pipes, flowerpots, electrical enclosures, conduit accessories, etc.
The Company also demonstrates its commitment to sustainability by repurposing fly ash
from coal, a by-product of its thermal energy generation, as a valuable substance for organic
fertilizer, maximizing resource efficiency and minimizing waste in the production process.
In addition to the initiatives above, Teejay introduced an sustainable waste disposal method
where the Company converts its daily output of wet sludge into dry powder which is then
used as a material substance for cement manufacturing. This has resulted in 81% reduction
in Greenhouse Gas (GHG) emissions at its factory located at the Seethawaka Export
Processing Zone (EPZ). 2
Forging a path to collective circularity
As the industry adapts to a future driven by sustainability, Teejay Lanka PLC is emerging as
a trailblazer in pioneering waste management practices to mitigate environmental impact
and contribute to a greener world.
However, Edga emphasized the need for cross-industry collaboration, along with intra-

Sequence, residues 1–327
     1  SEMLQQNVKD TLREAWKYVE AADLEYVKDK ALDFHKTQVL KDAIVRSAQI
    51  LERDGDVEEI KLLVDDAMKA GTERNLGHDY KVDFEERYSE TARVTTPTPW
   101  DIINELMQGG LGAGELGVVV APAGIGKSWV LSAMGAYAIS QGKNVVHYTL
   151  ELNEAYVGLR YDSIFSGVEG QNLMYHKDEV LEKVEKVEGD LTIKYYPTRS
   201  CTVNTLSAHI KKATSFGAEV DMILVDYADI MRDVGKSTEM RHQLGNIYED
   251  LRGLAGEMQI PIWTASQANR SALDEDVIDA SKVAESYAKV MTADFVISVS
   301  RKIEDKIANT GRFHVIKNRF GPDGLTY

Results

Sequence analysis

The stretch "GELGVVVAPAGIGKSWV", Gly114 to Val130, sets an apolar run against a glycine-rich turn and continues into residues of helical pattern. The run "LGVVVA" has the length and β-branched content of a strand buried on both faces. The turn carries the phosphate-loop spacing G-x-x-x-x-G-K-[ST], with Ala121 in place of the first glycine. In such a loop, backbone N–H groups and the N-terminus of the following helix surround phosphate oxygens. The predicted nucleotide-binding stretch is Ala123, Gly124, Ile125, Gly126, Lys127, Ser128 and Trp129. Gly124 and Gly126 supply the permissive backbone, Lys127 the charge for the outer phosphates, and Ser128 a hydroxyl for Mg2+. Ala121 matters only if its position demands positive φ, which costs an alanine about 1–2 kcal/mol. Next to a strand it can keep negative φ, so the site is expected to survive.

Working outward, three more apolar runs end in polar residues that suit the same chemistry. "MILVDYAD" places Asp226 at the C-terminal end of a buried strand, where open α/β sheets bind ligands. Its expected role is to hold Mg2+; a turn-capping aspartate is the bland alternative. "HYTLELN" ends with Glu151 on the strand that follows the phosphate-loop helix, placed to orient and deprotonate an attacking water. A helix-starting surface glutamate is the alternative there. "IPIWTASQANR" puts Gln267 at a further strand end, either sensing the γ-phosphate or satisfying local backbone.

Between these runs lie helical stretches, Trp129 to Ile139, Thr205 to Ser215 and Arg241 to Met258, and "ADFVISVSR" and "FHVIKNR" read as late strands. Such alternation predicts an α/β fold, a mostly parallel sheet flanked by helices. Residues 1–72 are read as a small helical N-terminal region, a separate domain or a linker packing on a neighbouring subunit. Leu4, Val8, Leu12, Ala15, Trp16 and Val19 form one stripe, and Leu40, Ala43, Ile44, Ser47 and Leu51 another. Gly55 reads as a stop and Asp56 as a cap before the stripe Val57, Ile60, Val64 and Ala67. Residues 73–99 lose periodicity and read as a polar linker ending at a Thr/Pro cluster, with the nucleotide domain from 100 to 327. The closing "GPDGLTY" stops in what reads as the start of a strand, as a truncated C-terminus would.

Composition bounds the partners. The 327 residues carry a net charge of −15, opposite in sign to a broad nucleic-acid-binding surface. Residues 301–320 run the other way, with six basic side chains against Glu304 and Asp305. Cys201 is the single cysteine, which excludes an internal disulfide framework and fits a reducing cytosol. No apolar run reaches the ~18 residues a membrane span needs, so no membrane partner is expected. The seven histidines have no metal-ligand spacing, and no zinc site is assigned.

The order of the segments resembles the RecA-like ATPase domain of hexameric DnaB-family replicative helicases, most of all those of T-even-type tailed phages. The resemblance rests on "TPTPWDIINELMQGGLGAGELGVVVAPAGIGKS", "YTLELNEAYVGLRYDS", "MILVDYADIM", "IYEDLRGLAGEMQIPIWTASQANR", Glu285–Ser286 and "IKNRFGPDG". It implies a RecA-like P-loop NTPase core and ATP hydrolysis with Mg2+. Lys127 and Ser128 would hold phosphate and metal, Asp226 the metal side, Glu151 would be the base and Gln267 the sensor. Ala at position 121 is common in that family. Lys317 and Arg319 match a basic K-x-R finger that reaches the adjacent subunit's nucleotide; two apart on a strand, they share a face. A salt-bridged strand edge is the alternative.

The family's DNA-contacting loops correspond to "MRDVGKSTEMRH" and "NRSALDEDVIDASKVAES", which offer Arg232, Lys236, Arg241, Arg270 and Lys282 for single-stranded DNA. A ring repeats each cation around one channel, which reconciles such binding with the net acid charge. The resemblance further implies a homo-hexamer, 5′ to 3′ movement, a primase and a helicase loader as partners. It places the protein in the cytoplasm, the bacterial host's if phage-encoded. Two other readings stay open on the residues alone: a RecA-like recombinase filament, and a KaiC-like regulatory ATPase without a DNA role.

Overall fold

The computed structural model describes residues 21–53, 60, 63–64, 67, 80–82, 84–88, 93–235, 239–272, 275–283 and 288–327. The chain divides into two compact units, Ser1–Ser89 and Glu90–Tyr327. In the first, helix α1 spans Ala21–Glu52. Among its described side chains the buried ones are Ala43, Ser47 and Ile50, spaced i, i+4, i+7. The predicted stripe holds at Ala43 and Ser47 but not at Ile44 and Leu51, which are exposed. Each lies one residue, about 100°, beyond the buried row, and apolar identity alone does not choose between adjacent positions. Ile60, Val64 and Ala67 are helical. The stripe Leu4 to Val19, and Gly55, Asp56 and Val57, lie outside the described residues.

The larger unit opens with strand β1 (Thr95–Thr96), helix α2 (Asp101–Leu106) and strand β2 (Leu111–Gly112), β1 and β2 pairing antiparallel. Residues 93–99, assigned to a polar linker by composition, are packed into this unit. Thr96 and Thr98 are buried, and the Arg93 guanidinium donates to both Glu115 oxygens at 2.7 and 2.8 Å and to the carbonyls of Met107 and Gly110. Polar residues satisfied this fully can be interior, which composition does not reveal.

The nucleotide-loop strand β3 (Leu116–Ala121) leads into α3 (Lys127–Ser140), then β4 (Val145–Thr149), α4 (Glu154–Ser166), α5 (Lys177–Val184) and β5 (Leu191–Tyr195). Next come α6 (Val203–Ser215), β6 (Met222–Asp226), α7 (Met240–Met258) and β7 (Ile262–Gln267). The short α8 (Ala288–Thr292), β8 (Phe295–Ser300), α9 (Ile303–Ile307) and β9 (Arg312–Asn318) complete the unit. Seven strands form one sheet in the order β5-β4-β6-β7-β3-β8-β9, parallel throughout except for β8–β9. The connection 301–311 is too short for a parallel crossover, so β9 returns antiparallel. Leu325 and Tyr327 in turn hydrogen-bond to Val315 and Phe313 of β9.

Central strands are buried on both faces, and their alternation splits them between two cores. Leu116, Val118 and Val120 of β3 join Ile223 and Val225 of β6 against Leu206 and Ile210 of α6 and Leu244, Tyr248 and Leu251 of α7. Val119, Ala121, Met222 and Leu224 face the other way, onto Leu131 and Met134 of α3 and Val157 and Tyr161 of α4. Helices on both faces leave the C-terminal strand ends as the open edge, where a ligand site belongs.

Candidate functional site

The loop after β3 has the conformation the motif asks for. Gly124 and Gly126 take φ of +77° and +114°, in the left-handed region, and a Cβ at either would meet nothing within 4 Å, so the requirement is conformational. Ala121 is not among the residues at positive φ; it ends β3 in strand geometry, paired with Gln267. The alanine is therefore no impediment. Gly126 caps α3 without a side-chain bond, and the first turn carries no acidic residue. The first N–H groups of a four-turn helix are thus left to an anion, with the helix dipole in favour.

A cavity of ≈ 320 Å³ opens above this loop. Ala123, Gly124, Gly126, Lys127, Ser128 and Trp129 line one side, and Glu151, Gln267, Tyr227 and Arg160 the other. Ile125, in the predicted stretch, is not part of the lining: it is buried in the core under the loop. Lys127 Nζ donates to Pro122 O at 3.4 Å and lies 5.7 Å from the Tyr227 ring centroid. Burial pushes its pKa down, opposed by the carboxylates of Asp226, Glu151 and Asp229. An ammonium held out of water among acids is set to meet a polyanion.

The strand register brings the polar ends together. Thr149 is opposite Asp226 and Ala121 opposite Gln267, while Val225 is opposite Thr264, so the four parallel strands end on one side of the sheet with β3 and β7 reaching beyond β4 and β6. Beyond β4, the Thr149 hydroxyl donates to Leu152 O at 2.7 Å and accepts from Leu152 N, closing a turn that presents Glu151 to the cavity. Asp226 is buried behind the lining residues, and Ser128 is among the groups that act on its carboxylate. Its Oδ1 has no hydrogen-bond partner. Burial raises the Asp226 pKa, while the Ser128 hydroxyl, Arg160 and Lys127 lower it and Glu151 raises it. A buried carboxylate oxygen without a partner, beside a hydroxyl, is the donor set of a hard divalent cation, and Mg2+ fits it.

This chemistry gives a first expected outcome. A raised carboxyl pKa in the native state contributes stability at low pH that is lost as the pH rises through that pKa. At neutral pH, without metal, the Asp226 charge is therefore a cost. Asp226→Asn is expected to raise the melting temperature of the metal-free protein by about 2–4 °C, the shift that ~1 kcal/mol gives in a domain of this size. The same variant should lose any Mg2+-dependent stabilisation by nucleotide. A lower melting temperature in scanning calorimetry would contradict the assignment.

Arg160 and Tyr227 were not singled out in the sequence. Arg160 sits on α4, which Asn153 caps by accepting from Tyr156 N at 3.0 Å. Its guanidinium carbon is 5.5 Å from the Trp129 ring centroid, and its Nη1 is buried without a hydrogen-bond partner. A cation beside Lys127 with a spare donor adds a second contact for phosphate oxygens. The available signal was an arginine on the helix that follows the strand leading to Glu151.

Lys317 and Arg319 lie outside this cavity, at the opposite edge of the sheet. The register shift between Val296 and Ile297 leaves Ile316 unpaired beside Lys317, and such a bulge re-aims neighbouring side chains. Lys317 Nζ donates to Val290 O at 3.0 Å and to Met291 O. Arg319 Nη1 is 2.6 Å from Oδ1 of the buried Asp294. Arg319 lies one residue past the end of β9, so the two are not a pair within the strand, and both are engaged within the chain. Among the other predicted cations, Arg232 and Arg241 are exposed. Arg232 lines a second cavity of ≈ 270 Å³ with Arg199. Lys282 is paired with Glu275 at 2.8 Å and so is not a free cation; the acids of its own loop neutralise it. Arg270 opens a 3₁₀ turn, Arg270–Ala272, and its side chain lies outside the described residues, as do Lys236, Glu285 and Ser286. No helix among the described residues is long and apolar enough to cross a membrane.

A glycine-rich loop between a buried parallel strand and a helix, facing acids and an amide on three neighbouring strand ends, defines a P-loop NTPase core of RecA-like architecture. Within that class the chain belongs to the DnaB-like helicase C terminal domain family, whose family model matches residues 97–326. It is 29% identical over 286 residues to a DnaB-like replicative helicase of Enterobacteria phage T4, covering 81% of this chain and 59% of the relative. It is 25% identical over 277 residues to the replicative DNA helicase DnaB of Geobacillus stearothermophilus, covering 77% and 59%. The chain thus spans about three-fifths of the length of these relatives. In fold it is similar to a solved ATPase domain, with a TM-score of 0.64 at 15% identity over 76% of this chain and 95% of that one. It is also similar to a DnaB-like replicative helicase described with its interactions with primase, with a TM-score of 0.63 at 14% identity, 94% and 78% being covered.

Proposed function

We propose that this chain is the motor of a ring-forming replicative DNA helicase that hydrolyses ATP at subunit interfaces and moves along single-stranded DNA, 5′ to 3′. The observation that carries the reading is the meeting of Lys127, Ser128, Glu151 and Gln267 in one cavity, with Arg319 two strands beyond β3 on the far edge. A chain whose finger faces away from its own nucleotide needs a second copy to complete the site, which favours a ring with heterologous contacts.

industry collaboration, to collectively move towards a more sustainable future. This
collaboration will facilitate the implementation of sustainable practices across Sri Lanka’s
infrastructure and foster ground-breaking projects that revolutionize the country’s
sustainability landscape.
“With EU legislation coming into play, it is essential for all Sri Lankan apparel companies to
prioritize traceability and transparency in the manufacturing processes by inculcating ethical
business practices. By integrating digital traceability tools and ensuring accountability, we
can credibly verify our progress and prove that we really are meeting consumer demands. At
2 https://www.ft.lk/sustainability__environment/Teejay-Lanka-achieves-81-emission-reduction-from-sludge-

Teejay, we are committed to meeting our circularity goals by leveraging innovation and
cross-industry collaboration. By working towards collective sustainability, we can maximize
our resource efficiency and show the world a better way to produce apparel.”


Image Captions
Image 1 – Edga Melan, General Manager of Engineering and Sustainability, Teejay Lanka
Image 2 – By recycling barrels, Teejay has reduced solid waste by a remarkable 3,960
barrels annually
Image 3 & 4 – A Waste Collectors’ Forum organized by Teejay promoting knowledge
sharing, appreciation and inclusivity among stakeholders who play an integral role in the
waste management ecosystem
Image 5 & 6 – By integrating the principles of circularity into its business, Teejay Lanka PLC
ensures that resources and products used in the value chain are utilized, recycled,
composted, and reused